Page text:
Tuesday, January 26, 2016
Book Review: Between You and Me by Mary Norris
Author: Mary Norris
Enjoyment Rating: **
Content Alert: some mild swearing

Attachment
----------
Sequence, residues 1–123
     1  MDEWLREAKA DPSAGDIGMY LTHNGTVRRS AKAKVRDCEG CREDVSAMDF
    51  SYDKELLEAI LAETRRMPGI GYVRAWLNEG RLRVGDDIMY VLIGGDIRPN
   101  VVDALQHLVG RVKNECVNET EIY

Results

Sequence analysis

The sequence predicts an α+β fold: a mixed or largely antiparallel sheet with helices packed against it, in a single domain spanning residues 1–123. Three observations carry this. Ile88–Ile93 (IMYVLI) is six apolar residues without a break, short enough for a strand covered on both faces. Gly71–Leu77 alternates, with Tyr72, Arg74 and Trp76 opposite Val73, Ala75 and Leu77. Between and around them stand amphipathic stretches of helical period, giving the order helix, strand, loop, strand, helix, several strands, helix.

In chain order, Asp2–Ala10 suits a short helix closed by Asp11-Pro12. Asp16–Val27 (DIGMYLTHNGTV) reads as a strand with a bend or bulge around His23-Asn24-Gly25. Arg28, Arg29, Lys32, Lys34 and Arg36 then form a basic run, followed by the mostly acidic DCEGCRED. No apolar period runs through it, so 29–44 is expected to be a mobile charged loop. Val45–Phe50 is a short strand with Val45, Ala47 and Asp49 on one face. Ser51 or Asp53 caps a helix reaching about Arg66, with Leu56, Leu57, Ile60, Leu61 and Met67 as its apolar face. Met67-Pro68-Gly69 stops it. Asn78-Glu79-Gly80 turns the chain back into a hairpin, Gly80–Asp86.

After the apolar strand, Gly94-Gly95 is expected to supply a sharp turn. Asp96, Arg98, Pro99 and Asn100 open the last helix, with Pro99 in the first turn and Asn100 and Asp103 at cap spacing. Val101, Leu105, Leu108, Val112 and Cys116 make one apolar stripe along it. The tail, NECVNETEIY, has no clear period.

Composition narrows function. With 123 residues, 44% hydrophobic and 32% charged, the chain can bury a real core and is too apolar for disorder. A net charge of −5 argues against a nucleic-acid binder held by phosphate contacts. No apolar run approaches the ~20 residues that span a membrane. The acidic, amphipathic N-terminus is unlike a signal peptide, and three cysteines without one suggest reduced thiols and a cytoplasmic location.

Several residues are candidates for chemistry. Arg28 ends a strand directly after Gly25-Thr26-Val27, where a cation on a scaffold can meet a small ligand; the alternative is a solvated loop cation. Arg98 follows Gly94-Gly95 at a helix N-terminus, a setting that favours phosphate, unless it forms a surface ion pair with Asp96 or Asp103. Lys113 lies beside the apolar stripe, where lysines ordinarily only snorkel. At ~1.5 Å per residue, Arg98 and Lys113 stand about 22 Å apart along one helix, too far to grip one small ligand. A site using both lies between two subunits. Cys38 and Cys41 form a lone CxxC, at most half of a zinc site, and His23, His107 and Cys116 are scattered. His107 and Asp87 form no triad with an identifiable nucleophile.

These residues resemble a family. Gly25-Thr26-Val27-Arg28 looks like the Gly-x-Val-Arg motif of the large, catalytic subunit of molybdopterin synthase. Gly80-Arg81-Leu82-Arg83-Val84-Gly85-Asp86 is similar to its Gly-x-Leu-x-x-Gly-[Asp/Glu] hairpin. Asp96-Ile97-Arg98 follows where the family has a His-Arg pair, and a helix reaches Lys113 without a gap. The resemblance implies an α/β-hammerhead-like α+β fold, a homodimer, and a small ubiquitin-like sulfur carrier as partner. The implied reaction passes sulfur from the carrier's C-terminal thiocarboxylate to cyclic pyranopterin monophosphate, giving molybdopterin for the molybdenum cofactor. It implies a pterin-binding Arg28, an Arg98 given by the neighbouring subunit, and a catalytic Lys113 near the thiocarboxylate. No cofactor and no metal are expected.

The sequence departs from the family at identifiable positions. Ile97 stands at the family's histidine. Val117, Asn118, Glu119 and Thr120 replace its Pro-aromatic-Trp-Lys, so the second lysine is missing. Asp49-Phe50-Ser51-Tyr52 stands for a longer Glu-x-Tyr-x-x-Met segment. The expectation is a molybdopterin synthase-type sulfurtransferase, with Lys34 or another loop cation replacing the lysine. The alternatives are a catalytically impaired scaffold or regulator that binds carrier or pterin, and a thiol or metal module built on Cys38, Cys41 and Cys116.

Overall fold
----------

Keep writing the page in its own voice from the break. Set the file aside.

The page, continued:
There are some kinds of books that simply don't lend themselves to being made into audiobooks. Comic books and math textbooks, for example, have such important visual components that the transition to an audio format would require extra descriptions, and a lot would still be lost in the translation. You might not expect that a memoir would suffer from the same fate, but Mary Norris's Between You and Me is definitely a book where the audiobook feels like a pale imitation of the original. Yes, it's true, there are lots of places where Norris tells engaging stories about her life as a copyeditor for The New Yorker. The book is completely irreverent, and she tells hilarious stories (the story about her obsession with #1 pencils was my favorite). However, there are lots of places where she's talking about how the printed word appears on a page. When she talks about the placement of commas, for example, this listener was totally lost. Although I'm an editor, I'm much more a big-picture (or is it "big picture"?) kind of person, and I tend not to care much about the minutae of grammar. In that sense Norris's book felt both pedantic and like I finally started to understand why some people care so dang much about when to use "who" and when to use "whom." If you pick this book up, you'll probably enjoy it, but listening to it often left me frustrated and confused, which is not the feeling you want a reader to have when attempting to demystify grammar.